Behind the curve
Financial Express, 24 July 2010
The RBI's credit policy is due later this month. The lastest data for industrial production and prices released in the July will make the RBI's policy dilemma worse. Industrial production declined in May while core inflation rose sharply. No simple prescription for monetary policy is applicable in such a situation.
For understanding the latest trends in production and prices we look at seasonally adjusted data available from NIPFP at http://www.mayin.org/cycle.in/tracking.html. Industrial production data shows that the upswing seen since June 2010 is no longer visible. This is shown in the accompanying figure which shows month on month IIP growth for seasonally adjusted data. The latest figure shows data for May 2010 which witnessed a decline in the seasonally adjusted level of industrial production. This scenario is not consistent with the view that industrial production in India is running at full capacity and that there is a need to tighten monetary and fiscal policies to prevent overheating and inflation. The graph for IIP manufacturing shows the same thing. Seasonally adjusted industrial produciton actually saw a decline in May.
While month on month growth saw a decline in seasonally adjusted industrial production, this problem does not show up yet in the annual year on year inflation numbers (also seen in the graphs). The year on year numbers show a small decline in the growth rate and will be able to capture the decline with a five and a half month lag. The difficulty for policy makers of declining growth is thus not an open concern as media discussions in India focus more on the year on year growth rates. It would be critical to watch the seasonally adjusted month on month numbers in formulation of policy in coming months. Shrinking output, if accompanied by a contraction in demand owing to fiscal and monetary tightening, can create prevent growth in employment and output.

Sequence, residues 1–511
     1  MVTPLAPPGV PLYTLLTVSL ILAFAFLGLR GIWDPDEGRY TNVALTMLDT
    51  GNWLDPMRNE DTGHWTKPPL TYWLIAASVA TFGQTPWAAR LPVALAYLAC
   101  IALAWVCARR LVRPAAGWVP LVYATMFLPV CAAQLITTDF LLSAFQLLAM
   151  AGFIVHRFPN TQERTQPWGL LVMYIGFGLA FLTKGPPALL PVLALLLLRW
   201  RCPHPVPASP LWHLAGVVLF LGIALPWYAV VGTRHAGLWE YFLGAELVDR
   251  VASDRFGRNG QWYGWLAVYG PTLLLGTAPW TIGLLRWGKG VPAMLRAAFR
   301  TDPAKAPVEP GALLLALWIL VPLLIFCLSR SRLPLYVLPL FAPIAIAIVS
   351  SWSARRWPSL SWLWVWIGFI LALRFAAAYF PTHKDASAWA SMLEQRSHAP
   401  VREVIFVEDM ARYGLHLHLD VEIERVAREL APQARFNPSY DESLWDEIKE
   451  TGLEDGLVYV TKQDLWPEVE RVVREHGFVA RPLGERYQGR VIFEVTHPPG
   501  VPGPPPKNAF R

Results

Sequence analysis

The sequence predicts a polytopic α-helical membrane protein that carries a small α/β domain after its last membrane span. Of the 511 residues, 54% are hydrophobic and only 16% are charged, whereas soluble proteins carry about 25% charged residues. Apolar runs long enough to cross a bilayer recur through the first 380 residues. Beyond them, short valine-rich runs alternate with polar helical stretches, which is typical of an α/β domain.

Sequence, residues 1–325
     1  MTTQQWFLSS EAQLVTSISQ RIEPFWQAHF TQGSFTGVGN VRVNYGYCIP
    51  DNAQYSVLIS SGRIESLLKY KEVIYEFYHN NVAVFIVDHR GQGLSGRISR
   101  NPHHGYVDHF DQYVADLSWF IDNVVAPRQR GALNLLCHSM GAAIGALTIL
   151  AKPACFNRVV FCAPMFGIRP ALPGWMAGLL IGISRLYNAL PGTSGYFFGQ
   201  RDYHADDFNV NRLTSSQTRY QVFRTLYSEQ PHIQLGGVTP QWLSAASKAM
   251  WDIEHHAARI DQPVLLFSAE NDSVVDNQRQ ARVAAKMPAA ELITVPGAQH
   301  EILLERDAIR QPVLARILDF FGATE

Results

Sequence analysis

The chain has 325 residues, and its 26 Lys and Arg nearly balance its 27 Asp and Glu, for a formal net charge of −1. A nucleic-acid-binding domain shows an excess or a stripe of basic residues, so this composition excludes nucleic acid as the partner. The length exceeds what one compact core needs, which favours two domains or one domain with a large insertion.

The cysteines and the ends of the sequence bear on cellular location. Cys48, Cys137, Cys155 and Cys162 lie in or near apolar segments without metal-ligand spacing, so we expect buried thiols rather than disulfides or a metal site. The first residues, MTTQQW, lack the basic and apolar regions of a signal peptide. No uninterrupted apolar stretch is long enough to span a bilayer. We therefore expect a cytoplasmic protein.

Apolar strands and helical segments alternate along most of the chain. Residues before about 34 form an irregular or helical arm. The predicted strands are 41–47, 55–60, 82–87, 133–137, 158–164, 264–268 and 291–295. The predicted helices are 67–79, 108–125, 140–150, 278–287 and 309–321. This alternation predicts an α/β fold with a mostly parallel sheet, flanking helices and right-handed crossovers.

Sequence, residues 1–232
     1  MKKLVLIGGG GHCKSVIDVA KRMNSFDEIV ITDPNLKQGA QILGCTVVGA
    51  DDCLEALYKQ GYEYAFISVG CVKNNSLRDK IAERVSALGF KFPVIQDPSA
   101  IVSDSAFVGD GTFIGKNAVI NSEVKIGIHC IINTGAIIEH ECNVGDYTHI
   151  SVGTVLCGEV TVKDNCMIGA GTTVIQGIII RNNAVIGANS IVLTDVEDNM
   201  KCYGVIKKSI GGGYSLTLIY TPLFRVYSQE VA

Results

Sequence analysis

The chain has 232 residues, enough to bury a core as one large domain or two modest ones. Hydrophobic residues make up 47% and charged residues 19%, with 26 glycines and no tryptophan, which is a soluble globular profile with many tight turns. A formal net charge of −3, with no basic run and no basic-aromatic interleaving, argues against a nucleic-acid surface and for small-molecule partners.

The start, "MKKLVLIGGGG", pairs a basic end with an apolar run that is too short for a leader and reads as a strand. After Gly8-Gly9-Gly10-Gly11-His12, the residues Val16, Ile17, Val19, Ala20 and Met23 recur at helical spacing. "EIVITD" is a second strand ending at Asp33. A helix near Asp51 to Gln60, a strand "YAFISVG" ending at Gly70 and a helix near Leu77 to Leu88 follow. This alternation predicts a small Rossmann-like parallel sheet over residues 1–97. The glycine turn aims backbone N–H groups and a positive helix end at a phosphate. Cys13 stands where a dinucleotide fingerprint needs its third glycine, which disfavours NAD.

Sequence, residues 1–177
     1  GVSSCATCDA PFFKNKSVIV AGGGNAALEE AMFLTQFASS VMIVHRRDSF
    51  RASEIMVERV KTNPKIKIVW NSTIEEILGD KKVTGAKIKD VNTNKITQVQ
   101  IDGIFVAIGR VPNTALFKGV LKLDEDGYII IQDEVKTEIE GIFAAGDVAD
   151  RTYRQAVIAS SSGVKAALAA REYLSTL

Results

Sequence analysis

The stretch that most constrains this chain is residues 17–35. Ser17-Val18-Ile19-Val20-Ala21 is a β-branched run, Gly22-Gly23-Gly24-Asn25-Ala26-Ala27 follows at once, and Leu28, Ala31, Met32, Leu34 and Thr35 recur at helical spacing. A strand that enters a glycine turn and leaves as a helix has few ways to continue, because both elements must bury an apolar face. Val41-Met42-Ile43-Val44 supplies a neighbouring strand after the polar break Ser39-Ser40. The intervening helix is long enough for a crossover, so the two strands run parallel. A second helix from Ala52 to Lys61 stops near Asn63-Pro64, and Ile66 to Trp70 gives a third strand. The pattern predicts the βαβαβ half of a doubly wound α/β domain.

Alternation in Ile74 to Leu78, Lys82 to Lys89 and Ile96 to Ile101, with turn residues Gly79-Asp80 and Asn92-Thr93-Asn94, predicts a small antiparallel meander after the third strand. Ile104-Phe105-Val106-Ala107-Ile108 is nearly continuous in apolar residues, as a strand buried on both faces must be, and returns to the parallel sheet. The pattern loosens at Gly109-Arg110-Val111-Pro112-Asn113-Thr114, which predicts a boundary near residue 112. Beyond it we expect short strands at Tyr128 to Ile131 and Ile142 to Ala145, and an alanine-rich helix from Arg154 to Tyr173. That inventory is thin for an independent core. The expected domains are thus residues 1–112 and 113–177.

However, the difficulty of policy makers is highlighted further when we look at inflation. An easy policy stance would be acceptable if inflation was low. Food inflation has been a major area of concern for many months. As predicted by many observers, there has been a decline in food inflation in the latest months. However, while food inflation has come down, both on month on month and on year on year basis, inflation in non-food, non-fuel prices has risen on a month on month basis. This poses a difficulty for monetary policy. Non-food, non-fuel inflation is often treated as representative of a "core" inflation measure that can be influenced by monetary policy and that predicts overall inflation. This measure has been mentioned in RBI's credit policy as one that RBI is watching. If core inflation rises there is a case for raising interest rates.
Many observers have suggested that RBI is "behind the curve" on monetary tightening. In other words, RBI should have raised interest rates sooner. There is also a widespread view that RBI should raise rates soon. However, the data for industrial production suggests that RBI should be extremely careful before tightening. The Indian economy does not often witness an actual decline in output. If the data for industrial production is indeed correct and represents a true picture then the policy of tightening is not so obvious. At the same time high core inflation will make it difficult for the RBI to do nothing. The monetary authority has to take a view giving weights to both inflation and output considerations. Slow growth in output can take the pressure off prices without aggressive tightening. It, therefore, makes sense to take a very cautious view on monetary tightening.
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